You are welcome to use the writings on these pages or pass them on to others who might find a touch from God in the words. Our purpose is always to share the Gospel of Jesus Christ with the world. Please remember to give credit to the Author who has given you everything, and keep in remembrance the vessel which He used to bring these words to you. We pray that this site may be a blessing to you and anyone with whom its been shared. All rights reserved. Peggy Hoppes
Christian Bible Study Pages
Our Lord is so good, He grants us many blessings. We can see Him in the daily course of events, in our homes, our jobs, our lives. I pray that these words help you to grow in your faith and recognize His hand in even the most mundane circumstances.
The picture to the right is of a Celtic Chapel located in Cornwall England. This building is approximately 1700 years old, and contains a holy well known for its healing powers.
(Click for enlarged)
“Blessed is a person who endures temptation, for when he has been approved, he will receive the crown of life, which the Lord promised to those who love him. Let no man say when he is tempted, ‘I am tempted by God,’ for God can’t be tempted by evil, and he himself tempts no one. But each one is tempted when he is drawn away by his own lust and enticed. Then the lust, when it has conceived, bears sin. The sin, when it is full grown, produces death.” James 1:12-15, WEB
This week’s question comes from the story of Joseph. “How then can I do this great wickedness, and sin against God?”
Jacob had twelve sons but Joseph, the son of his beloved wife Rachel, was his favorite. He was showered with gifts, including a richly ornamented robe, which made Jacob’s other sons jealous. Rachel had one other son, Benjamin, who was also deeply loved.
Joseph was a dreamer but his dreams were strange and unusual. One dream foretold that Joseph would rule over his brothers. Another dream put him as ruler over even his mother and father. His brothers became so jealous that they schemed to get rid of him. While they were in the field grazing the sheep, Joseph went out to see if all was well. His brothers schemed to leave him to die, and to lie to their father that he had been devoured by a wild animal. Reuben convinced them to spare his life and sell him as a slave instead.
Joseph ended up in Egypt. He suffered through many trials, but eventually Pharaoh made him second in command and charged him with managing the whole kingdom. Pharaoh had several dreams which Joseph interpreted; the dreams were warnings that there would be good years of fruit from the fields followed by years of famine. With Joseph’s guidance, the Egyptians saved enough grain through the good years that they were able to help feed the world, including Joseph’s family, during the famine. Joseph persevered through it all and proved God’s dream to be trustworthy.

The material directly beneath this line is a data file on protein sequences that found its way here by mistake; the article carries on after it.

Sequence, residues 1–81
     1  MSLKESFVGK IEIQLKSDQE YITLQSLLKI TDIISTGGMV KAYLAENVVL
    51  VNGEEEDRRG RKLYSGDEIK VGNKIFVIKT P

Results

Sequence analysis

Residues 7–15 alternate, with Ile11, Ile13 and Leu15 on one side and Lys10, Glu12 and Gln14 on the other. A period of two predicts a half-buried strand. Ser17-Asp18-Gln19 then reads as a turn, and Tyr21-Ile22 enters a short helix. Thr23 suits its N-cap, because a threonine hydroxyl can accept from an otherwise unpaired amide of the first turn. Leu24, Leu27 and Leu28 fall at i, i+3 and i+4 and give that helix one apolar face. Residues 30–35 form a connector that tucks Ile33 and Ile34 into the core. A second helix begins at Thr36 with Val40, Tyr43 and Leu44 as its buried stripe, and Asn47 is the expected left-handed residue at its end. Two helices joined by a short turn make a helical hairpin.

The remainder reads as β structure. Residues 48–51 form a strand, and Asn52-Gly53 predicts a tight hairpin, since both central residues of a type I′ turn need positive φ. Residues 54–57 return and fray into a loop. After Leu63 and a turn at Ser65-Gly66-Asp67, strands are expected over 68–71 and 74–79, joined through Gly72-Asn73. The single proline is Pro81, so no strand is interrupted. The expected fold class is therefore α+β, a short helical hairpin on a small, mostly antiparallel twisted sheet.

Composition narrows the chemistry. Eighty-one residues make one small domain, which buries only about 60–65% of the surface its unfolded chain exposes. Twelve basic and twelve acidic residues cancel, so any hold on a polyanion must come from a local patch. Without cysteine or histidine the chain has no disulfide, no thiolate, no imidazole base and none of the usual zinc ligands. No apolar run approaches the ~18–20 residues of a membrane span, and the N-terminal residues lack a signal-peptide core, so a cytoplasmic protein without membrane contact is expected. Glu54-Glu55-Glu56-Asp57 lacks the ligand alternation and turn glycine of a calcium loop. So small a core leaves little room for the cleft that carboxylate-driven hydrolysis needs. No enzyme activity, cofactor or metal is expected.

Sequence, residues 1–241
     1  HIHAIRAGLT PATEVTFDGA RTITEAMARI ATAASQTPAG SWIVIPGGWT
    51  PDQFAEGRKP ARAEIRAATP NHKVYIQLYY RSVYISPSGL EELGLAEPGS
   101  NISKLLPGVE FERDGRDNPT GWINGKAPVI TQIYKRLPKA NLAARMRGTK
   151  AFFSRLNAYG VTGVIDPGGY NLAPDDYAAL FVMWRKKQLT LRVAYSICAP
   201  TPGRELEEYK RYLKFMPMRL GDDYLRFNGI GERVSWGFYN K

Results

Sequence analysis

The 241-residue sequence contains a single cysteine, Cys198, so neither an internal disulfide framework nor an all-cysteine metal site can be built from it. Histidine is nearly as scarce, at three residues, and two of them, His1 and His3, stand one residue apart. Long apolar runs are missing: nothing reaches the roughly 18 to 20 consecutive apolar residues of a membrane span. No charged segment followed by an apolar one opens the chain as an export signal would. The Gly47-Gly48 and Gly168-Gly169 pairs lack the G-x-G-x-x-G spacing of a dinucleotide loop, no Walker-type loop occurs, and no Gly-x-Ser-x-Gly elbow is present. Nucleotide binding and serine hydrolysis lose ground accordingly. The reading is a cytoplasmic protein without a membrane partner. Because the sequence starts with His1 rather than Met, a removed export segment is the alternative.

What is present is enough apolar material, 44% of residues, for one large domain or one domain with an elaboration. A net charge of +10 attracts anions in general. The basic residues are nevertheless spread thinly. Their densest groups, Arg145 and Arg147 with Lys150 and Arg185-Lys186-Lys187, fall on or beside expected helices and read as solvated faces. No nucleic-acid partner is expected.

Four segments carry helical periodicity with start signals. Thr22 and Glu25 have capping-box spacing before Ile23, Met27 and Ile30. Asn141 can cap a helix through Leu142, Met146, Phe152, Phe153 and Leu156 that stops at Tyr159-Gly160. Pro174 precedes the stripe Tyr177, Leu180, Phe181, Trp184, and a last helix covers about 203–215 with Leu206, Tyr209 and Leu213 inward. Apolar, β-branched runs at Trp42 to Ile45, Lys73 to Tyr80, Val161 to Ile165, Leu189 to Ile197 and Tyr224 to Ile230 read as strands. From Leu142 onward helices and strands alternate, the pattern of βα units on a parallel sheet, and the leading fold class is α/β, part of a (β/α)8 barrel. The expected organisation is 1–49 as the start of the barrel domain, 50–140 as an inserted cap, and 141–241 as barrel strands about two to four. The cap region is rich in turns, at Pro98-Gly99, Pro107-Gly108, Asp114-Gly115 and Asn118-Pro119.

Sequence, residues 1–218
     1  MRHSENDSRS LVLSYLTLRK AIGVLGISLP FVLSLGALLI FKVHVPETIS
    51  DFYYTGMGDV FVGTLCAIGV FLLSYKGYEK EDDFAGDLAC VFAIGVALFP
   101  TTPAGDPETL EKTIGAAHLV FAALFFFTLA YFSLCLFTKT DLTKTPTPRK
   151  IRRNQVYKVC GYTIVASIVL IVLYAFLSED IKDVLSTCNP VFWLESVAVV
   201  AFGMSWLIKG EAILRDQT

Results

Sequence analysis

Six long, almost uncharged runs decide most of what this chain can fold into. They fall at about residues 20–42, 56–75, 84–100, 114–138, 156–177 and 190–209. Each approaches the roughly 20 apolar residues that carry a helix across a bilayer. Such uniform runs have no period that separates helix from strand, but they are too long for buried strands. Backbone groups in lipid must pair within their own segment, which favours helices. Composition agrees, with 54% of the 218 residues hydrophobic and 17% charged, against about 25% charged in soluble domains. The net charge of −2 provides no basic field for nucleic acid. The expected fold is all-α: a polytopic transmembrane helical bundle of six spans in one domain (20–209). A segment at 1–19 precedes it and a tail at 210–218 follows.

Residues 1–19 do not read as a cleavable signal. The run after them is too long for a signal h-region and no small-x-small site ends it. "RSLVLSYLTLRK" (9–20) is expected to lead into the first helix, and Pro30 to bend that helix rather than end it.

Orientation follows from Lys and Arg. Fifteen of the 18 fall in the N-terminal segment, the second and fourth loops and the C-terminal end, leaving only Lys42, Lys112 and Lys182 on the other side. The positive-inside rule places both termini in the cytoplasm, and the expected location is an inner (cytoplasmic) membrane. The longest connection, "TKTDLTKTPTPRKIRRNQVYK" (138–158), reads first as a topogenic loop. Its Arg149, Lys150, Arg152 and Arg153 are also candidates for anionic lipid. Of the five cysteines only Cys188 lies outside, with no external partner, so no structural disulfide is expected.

He could have been tempted by discouragement, diversion, and doubt. He could have given up when his brothers rejected him. He could have succumbed to the temptation of Potiphar’s wife. He could have doubted God’s dream with every obstacle he faced. He asked today’s question specifically when Potiphar’s wife seduced him knowing that the sin would be against God as well as his master. He seems to have had that attitude whenever he faced moments of decision. He trusted God and persevered until the promise was fulfilled.
It is easy to be discouraged, diverted, and to doubt that God has called you to His work in this world. There are so many obstacles, so many temptations, and so many reasons to doubt that we have heard God correctly. We need to beware, though, that it begins with the littlest thing. A dishonest life begins with little white lie. An affair begins with harmless flirting. A rejection of God’s call begins with a glimmer of doubt that God is able to accomplish His work through your life. This is why we ponder today’s question, knowing that every sin is a sin against God. The best we can do is to trust that God is working through us even when every sign indicates otherwise, to persevere through the difficulties so that we will see the fulfillment of His promises.
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“Blessed are the peacemakers, for they shall be called children of God.” Matthew 5:9, WEB
Sandra Bullock played FBI agent Gracie Hart in the movie “Miss Congeniality.” In the movie, the crazed former beauty queen who ran the Miss USA pageant threatened the safety of the girls. The FBI moved in to protect the girls and find the perpetrator. Gracie was placed in the pageant as a contestant so that she could watch from the inside, especially in those places where the FBI agents are not allowed. Gracie Hart was not pageant material. She was rough and unfeminine, with knotted hair and the manners of a sailor. She walked into a meeting strong, wearing a practical suit and absolutely no grace at all. The make-over was amazing and she managed to be a beautiful pageant contestant, doing whatever she had to do. Yet, her practical, law enforcement background shined in her actions.